The Silurian biostratigraphy, lithostratigraphy, and facies of Central Iran including the Kashmar (Boghu Mountains), Tabas (Derenjal Mountains, Ozbak-Kuh), Anarak (Pol-e Khavand) and Kerman regions is reviewed and updated. The current state of knowledge of the Silurian in the Zagros Basin, Alborz, Kopet-Dagh and Talysh regions, as well as in a few areas scattered across the Sabzevar Zone, and the Sanandaj-Sirjan terranes is also reviewed. Silurian volcanism in various parts of Iran is briefly discussed. The end of the Ordovician coincided with a widespread regression across Iran synchronous with the Hirnantian glaciation, and only in the Zagros Basin is there a continuous Ordovician–Silurian transition represented by graptolitic black shales of the Sarchahan Formation. In the Central-East Iranian Platform marine sedimentation re-commenced in the early to mid Aeronian. By the Sheinwoodian, carbonate platform depositional environments were established along its north-eastern margin. In other parts of Iran (e.g., Kopet-Dagh and the Sabzevar Zone), siliciclastic sedimentation continued probably into the late Silurian. The Silurian conodont and brachiopod biostratigraphy of Central Iran is significantly updated facilitating a precise correlation with the Standard Global Chronostratigraphic Scale, as well as with key Silurian sections in other parts of Iran. The Silurian lithostratigraphy is considerably revised and two new lithostratigraphical units, namely the Boghu and Dahaneh-Kalut formations, are introduced.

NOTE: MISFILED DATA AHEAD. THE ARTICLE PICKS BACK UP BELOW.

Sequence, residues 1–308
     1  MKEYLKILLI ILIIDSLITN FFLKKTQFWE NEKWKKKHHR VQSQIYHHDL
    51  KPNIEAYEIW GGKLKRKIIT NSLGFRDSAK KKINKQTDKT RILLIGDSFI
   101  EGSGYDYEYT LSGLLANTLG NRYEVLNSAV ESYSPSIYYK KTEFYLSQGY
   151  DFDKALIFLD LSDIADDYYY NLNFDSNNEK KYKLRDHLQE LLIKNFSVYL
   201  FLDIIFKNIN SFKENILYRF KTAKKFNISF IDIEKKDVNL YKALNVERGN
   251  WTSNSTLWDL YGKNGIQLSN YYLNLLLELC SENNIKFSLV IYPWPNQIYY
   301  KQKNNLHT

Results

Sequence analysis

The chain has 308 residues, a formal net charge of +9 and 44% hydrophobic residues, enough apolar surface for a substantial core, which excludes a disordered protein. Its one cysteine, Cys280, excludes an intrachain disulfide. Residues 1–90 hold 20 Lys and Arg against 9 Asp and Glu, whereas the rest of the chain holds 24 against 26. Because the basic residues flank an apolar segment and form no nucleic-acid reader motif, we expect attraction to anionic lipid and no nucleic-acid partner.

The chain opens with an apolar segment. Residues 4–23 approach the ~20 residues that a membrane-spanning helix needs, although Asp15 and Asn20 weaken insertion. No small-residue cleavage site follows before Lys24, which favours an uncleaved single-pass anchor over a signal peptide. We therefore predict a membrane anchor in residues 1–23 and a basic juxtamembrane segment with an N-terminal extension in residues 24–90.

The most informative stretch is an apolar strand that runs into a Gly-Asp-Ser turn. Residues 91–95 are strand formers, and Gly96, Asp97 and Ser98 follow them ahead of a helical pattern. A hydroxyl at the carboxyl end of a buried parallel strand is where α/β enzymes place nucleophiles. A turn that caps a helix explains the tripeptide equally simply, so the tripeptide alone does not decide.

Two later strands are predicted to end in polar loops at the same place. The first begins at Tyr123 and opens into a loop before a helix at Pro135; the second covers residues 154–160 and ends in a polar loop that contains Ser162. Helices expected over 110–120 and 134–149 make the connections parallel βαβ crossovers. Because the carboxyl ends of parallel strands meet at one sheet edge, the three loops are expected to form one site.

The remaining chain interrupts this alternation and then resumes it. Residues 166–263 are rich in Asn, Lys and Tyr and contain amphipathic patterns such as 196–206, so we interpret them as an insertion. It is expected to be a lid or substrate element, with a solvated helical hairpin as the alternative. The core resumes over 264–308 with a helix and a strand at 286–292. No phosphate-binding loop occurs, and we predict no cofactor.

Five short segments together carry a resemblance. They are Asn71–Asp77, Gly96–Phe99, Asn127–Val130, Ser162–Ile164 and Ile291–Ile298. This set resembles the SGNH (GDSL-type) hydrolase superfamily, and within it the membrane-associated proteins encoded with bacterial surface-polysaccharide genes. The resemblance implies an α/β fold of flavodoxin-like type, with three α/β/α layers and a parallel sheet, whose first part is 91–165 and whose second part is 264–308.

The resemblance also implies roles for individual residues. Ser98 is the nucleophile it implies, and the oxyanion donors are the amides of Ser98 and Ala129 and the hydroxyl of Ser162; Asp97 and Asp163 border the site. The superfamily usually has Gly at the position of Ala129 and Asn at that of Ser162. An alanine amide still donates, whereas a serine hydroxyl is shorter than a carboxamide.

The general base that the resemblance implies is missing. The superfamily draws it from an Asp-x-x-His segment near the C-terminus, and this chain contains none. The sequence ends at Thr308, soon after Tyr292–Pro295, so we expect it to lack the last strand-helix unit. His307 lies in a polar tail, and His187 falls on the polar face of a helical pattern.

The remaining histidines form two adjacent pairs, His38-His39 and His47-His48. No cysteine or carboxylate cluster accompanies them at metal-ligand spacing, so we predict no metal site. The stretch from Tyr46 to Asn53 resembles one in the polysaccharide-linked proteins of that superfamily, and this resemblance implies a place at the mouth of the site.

EN